Sat, Jan 11, 2020 - Page 10 News List

Singapore eases quarterly reporting rule for most firms

Bloomberg

The Singapore Exchange is about to make life easier for listed companies — at least the safer ones.

The bourse’s regulatory arm plans to end quarterly earnings reporting requirements that apply to all companies with a market capitalization of at least S$75 million (US$56 million), Singapore Exchange Regulation (SGX RegCo) chief executive officer Tan Boon Gin (陳文仁) said.

When the rule change takes effect on Feb. 7, only riskier companies would need to report earnings every three months, Tan said at a news conference.

SGX RegCo is also to tighten other disclosure rules and introduce a new whistle-blower policy as part of efforts to protect investors, Tan added.

Other global exchanges have moved away from mandating quarterly reporting for all of their companies. The EU ended its requirement in 2013, while the Hong Kong Stock Exchange only applies the rule to companies on its small-cap exchange. The US Securities and Exchange Commission is reviewing the issue.

“Internationally, there’s a shift away from quarterly reporting and this is to allow companies to focus on the long term,” Tan said.

About 75 percent of the Singapore market reports on a quarterly basis, SGX RegCo said.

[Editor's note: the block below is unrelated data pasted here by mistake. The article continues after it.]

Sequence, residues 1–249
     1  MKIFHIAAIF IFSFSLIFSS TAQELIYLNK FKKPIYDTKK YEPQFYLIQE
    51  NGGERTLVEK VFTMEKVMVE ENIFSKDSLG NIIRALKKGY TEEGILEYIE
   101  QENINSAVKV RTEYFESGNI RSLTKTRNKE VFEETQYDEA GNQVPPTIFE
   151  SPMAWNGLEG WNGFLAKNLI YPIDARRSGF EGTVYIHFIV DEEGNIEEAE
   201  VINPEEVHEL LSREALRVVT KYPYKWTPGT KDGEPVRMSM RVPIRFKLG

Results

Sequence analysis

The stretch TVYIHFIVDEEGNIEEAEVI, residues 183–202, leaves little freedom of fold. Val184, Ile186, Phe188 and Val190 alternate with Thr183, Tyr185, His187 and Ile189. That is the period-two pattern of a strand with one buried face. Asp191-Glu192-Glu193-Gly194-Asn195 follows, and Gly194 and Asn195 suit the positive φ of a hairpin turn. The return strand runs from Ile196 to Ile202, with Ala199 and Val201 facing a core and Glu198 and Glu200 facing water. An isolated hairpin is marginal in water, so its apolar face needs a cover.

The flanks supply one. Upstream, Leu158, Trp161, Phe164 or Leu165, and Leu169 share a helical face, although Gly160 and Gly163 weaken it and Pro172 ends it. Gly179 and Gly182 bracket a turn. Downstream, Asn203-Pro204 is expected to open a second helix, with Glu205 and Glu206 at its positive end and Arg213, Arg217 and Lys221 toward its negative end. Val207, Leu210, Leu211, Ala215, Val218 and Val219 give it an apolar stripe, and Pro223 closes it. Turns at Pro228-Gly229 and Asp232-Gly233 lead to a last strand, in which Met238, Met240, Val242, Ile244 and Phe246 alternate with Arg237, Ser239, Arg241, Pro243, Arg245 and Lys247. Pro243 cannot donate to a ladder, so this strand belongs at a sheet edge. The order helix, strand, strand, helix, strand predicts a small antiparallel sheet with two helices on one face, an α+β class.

Under Singapore’s new policy, a listed company would have to report each quarter when it receives a qualified report from its auditors, or when they express concern about the company as a going concern.

The requirement can also be imposed if SGX RegCo has regulatory concerns about a company regarding disclosure breaches.

Despite the new rules, most larger companies, including banks, would likely continue reporting on a quarterly basis, National University of Singapore associate professor Mak Yuen Teen (麥潤田) said.

“When a source of information disappears, investors will use other sources as proxies, like analyst reports, and these will be less accurate,” he said.

SGX RegCo said that the quarterly reporting requirements would apply to about 100 companies when the rules change. It plans to make the list public.

Other Singapore-listed companies would need to report semiannually, though the exchange would “encourage” them to provide business updates on a more regular basis, Tan said.

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